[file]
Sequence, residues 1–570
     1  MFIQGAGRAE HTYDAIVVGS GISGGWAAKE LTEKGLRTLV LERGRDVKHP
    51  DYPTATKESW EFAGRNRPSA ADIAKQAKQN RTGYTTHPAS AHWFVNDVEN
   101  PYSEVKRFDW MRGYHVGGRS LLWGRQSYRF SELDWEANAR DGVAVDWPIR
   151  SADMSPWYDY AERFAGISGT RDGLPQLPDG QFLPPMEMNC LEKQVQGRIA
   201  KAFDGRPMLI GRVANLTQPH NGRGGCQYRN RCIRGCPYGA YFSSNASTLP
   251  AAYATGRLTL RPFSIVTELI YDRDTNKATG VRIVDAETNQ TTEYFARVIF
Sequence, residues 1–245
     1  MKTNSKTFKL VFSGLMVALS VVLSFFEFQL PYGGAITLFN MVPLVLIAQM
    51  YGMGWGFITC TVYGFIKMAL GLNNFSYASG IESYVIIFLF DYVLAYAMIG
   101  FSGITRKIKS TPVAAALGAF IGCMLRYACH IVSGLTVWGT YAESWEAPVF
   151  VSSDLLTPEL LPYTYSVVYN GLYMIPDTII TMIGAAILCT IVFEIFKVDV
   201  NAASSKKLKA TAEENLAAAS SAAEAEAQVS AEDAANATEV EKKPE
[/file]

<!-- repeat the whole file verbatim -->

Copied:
Sequence, residues 1–570
     1  MFIQGAGRAE HTYDAIVVGS GISGGWAAKE LTEKGLRTLV LERGRDVKHP
    51  DYPTATKESW EFAGRNRPSA ADIAKQAKQN RTGYTTHPAS AHWFVNDVEN
   101  PYSEVKRFDW MRGYHVGGRS LLWGRQSYRF SELDWEANAR DGVAVDWPIR
   151  SADMSPWYDY AERFAGISGT RDGLPQLPDG QFLPPMEMNC LEKQVQGRIA
   201  KAFDGRPMLI GRVANLTQPH NGRGGCQYRN RCIRGCPYGA YFSSNASTLP
   251  AAYATGRLTL RPFSIVTELI YDRDTNKATG VRIVDAETNQ TTEYFARVIF
Sequence, residues 1–245
     1  MKTNSKTFKL VFSGLMVALS VVLSFFEFQL PYGGAITLFN MVPLVLIAQM
    51  YGMGWGFITC TVYGFIKMAL GLNNFSYASG IESYVIIFLF DYVLAYAMIG
   101  FSGITRKIKS TPVAAALGAF IGCMLRYACH IVSGLTVWGT YAESWEAPVF
   151  VSSDLLTPEL LPYTYSVVYN GLYMIPDTII TMIGAAILCT IVFEIFKVDV
   201  NAASSKKLKA TAEENLAAAS SAAEAEAQVS AEDAANATEV EKKPE